Monday, December 22, 2008

Piper3:Trinitarian Hedonism

Paul Huxley walks in the footsteps of Glen Scrivener and Dan Hames to think about John Piper's theology and the Trinity...

Piper himself notes: "Why did God create the world? Surely not, as some popular theology has it, because he was lonely and frustrated and needed man to make him happy. Before creation, God was, in a profound sense, content in the fellowship of the Trinity. What moved him, then, to create the world? The closest I can come to an answer is this: God was profoundly happy and joyful. But there is in joy an inevitable compulsion or pressure to expand, to extend itself by involving others in it. And this is no deficiency in God, for, as Jonathan Edwards says, "It is no argument of the emptiness or deficiency of a fountain that is inclined to overflow."1 This tendency of joy to expand itself moved God to create beings to share in his joy. Thus creation was a supreme act of love because it aimed at the joy of the creature. But God was not indifferent to his act of creation as if it meant nothing to him. It was his joy in his own perfections that overflowed in the creation of beings to share that joy."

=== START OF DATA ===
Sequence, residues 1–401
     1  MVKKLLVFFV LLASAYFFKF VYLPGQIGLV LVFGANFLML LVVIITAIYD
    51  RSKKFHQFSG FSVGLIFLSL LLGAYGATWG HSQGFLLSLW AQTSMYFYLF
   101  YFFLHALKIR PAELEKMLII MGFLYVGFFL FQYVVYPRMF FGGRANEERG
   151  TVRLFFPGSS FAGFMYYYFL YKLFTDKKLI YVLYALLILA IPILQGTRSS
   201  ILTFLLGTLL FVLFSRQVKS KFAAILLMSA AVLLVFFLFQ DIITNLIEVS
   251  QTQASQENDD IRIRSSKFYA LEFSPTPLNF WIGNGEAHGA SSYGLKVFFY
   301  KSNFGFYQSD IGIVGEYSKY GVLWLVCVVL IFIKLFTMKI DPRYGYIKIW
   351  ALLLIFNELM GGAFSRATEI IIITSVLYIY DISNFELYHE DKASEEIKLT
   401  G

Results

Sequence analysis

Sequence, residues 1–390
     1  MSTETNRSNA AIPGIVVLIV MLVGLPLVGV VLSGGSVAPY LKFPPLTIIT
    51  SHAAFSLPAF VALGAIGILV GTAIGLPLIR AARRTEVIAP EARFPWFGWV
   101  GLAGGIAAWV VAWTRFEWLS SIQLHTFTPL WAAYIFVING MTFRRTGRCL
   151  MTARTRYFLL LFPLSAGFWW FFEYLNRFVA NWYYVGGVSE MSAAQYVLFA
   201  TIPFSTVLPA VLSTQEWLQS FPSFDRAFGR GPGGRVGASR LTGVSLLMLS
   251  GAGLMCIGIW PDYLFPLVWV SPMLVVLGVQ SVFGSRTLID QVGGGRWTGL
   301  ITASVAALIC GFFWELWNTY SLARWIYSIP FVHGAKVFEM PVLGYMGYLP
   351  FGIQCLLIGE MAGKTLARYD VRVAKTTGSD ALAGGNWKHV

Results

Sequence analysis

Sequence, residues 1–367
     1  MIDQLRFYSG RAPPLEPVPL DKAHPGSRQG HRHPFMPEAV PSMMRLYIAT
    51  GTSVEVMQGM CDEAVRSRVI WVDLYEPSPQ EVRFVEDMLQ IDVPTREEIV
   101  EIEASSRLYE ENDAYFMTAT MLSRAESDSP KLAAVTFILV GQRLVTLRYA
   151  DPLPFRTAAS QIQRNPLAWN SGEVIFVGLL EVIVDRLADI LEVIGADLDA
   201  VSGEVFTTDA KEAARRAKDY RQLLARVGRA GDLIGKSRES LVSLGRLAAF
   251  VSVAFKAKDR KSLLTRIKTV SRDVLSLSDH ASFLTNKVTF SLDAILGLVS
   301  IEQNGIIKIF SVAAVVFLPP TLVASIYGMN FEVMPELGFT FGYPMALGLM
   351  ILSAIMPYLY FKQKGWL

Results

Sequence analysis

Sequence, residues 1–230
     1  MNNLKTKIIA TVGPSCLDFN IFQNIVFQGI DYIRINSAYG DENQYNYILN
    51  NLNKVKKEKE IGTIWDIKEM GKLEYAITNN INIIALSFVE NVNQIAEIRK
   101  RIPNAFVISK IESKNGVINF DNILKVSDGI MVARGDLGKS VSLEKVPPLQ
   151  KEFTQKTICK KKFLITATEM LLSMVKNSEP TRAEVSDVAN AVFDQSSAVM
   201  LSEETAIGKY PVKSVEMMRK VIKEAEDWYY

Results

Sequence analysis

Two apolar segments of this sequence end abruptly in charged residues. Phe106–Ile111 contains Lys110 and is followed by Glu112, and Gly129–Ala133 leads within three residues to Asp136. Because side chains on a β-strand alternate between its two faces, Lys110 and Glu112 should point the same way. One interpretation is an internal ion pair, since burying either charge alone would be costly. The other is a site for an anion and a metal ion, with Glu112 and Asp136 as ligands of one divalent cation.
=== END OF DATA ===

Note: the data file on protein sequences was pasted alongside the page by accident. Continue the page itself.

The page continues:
And  onwards (ht: Huxley) Douglas Jones offers Trinitarian catechism... some of which is:

Why do they love the dark and not the party?
The dark helps them pretend they are alone,
where they can play the king of all,
where no one pushes back against their face.

C. And why does God offer a feast?
God is a feast: come taste and see; sweeter
than honey. He is a party, a dance
named Father, Son, and Holy Spirit.

D. But what sort of dance is the Lord?
The Father, Son, and Holy Spirit dance
like heroes after triumph, King David,
and those women whirling at God's wedding.

E. Wait, why does God have a wedding?
His joy bursts out, spilling; He wants to share
the pleasure of this dance. The Spirit woos;
the Father calls; the Son seeks out His bride.


  1. Yes - that's much better from Piper than the stuff in his seven theses here:


    "Q2: Who is the most God-centered person in the universe?
    A: God."

  2. Yeh! One of the things from Piper that really struck me post-9/11 was the way he was so clear on the need to be specific - saying we can't just say 'God' cos we have to mean God the Trinity.